SPECIES: Pseudemydura umbrina — Western Swamp Tortoise
CLASSIFICATION: Critically endangered
The situation is dire for the critically endangered Western Swamp Tortoise, there's probably no more than 200 left on the planet. This prehistoric piece of nature is now the most endangered reptile in Australia. Australia's smallest tortoise, this is a species that can live up to 100 years. As the name suggests, the Western Swamp Tortoise is a bit partial to a swamp and spends much of its time in the water during winter and spring. Once it gets warmer, it will dig a hole underground or burrow in leaf litter to escape the heat. It's a short-necked tortorise with a browny/blacky shell and a unmistakeable spikey neck that looks a bit like armour. Now, you'd have to be pretty lucky to come across one in the wild, as there is just one surviving wild population.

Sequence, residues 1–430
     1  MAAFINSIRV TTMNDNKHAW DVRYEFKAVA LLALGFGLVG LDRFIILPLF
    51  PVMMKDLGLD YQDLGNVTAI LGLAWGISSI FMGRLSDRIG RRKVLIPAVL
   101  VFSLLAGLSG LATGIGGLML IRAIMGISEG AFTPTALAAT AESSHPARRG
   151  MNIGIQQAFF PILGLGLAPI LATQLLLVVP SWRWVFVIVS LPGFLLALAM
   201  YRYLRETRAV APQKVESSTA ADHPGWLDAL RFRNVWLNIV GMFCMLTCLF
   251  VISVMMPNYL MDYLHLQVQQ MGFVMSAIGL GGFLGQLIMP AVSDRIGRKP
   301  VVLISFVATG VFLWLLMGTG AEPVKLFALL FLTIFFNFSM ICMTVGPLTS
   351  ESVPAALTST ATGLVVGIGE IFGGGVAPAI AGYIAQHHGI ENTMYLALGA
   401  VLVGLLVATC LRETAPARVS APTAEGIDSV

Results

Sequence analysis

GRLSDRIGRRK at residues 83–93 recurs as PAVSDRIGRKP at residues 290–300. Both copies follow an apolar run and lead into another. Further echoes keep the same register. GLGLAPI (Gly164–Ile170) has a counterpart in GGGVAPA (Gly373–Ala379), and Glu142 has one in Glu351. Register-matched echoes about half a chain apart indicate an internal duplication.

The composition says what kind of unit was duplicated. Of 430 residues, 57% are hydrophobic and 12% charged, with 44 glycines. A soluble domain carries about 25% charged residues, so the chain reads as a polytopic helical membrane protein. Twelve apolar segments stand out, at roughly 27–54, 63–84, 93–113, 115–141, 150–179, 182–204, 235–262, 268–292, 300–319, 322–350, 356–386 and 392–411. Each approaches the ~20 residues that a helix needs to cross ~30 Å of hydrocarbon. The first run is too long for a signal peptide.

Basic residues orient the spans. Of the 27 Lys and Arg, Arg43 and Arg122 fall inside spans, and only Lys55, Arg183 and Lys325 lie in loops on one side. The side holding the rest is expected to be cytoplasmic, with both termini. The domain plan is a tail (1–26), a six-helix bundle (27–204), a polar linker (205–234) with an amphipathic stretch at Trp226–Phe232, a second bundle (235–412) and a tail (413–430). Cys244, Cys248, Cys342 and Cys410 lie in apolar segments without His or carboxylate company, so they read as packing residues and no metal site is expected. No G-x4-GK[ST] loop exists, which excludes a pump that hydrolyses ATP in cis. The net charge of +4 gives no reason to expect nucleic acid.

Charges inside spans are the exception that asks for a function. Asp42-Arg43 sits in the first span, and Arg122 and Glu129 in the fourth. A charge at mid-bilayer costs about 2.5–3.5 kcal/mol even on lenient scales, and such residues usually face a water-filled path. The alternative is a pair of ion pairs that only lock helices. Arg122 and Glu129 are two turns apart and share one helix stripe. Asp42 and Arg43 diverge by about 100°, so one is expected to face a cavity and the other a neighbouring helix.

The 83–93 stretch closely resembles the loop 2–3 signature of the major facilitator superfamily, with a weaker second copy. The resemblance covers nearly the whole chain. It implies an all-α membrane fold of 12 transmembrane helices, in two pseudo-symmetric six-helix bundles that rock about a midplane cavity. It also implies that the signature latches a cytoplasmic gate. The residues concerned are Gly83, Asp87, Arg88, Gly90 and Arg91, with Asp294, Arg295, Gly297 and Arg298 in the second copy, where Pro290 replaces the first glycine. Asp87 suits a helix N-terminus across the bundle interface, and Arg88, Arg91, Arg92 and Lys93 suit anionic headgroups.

Predation by foxes and destruction of habitat are the major threats to the Western Swamp Tortoise. Captive breeding has been done in recent years to help boost numbers of the species, but will this be enough to save it from extinction? We can only hope the Western Swamp Tortoise can keep hanging on...
Picture: By Jett Newman (age 7)